It may be a delusional assertion, but I've never been so underwhelmed by the buildup to a theatrical release (well, excluding Sex and the City, but that was no shock. I had genuine faith in this Burton/Disney collaboration). Alice in Wonderland, whether in 3D or not, was a dim reminder of Tim Burton's abilities. I did like Bayard the talking bloodhound though. In fact, I don't think people realize it, but that might be why a great many moviegoers are coerced into being so taken by this film: Everyone's a pushover for the wide-eyed look of a dog that can speak English, not to mention the added bonus of Johnny Depp in drag.

Writer Linda Woolverton can be credited with most of the originality of the film in her take on Lewis Carroll's storybook version of Alice in Wonderland, called "What Alice Found There," combining it with some of the premises of Disney's 1951 animated version. But even a decent script can fall by the wayside if all of the emphasis is on the visual; this makes what sparse dialogue there is highly vulnerable to judgment. I think the only non-banal line that was delivered came from the mouth of Crispin Glover (who else could be trusted with such a purpose?) when he said to Alice in giant form, "I like your largeness."

Even though the audience knows going in that this is going to be Tim Burton's rendering of a time-honored, classic story, it is heinously lacking some of the best elements, one of them being the white rabbit screaming, "I'm late, I'm late for a very important date!" or the Queen of Hearts pitching a fit about someone painting her roses red. Or even the walrus and his clam family. Everything is merely a subtle reference or an inconsequential nod to the precendents set by the original story (though the inclusion of the jabberwocky was a pretty badass move). Not to say that Lewis Caroll's psychedelic ranting is worthy of bible-level reverence, but there should be some amount of more highly attuned compliance to this dearly departed, drug-addled literary figure.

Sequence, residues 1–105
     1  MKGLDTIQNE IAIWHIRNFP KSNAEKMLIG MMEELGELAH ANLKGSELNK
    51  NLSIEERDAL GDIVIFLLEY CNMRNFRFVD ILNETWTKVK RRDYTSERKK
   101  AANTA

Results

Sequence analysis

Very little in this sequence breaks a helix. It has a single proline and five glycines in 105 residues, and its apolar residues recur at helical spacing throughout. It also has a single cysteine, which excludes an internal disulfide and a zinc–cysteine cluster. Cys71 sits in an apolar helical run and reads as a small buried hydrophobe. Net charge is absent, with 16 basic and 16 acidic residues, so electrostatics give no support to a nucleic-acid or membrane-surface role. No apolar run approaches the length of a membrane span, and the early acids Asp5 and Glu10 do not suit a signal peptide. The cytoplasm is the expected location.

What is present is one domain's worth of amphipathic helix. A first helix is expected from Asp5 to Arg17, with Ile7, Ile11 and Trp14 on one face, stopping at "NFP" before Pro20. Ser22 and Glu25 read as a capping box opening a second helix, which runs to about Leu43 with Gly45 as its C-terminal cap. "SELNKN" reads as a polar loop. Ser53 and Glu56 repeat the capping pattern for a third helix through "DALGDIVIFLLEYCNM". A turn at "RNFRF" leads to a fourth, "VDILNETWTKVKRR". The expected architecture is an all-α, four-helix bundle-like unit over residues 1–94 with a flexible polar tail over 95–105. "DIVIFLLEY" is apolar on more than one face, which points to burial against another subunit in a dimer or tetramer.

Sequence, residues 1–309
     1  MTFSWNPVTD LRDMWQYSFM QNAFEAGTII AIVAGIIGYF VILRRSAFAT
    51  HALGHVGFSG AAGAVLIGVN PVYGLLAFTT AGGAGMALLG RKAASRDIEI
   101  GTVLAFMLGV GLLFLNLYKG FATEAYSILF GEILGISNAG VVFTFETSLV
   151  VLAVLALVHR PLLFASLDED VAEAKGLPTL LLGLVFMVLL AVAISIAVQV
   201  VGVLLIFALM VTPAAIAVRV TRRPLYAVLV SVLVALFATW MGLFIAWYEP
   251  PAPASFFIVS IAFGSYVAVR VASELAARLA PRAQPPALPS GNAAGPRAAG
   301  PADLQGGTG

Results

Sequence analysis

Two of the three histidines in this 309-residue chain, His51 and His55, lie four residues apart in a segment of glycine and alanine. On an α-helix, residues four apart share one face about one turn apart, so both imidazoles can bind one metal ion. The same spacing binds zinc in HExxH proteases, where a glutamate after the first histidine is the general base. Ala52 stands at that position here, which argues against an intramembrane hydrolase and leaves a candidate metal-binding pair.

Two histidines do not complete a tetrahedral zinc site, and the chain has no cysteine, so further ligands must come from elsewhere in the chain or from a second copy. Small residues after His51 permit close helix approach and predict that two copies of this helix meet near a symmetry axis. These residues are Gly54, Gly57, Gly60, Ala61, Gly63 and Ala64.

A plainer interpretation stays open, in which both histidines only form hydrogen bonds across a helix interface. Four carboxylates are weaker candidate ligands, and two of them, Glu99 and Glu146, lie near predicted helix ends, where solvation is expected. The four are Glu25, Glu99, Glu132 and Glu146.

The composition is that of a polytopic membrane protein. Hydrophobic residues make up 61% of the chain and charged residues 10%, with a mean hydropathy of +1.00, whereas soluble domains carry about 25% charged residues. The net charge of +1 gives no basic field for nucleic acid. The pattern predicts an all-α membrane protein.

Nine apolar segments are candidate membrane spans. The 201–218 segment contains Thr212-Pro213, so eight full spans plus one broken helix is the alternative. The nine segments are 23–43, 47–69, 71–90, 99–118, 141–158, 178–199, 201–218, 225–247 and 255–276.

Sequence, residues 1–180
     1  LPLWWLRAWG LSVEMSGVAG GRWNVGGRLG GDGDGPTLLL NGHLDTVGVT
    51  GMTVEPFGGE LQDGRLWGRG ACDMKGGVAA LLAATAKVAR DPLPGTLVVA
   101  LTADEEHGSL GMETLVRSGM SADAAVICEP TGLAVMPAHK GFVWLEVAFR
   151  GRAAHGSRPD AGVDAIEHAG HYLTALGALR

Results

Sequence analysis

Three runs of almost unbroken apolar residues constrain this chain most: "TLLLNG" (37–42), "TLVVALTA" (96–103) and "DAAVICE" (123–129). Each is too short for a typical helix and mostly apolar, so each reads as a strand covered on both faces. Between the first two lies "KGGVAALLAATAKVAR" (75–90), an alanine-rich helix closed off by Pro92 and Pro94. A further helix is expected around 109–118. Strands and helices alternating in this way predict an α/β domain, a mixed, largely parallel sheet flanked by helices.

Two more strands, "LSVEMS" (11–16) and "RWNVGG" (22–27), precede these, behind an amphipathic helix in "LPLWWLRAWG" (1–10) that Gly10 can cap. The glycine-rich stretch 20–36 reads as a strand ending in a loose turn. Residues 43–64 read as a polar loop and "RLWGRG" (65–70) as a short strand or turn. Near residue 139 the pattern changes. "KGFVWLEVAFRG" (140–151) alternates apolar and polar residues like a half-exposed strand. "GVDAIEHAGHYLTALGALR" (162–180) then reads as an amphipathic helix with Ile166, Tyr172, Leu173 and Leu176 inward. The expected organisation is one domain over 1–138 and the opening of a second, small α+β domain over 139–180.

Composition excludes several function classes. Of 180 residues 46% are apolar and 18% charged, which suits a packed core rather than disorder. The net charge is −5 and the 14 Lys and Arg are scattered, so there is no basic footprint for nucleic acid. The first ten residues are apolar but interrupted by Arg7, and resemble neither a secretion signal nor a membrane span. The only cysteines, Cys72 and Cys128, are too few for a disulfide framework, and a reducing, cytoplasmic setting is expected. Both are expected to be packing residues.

Another item to consider is the timing of this film's release. The entire plot is centered around ending the reign of an evil and depraved ruler. It would have been nice if this could have coincided with the Bush years. Obama hasn't quite yet reached this level of odium yet. At least not until after the final resolution for health care. It just would have given the movie a layer of depth that is appreciably missing underneath the five hundred coats of makeup on the combined faces of Johnny Depp, Helena Bonham Carter, and Anne Hathaway. There's also the contradictory message of saying "All the best people are mad" and then turning around and condemning the Red Queen for her diabolical eccentricity. Why Tim, are you a secret advocate of Mahmoud Ahmadinejad?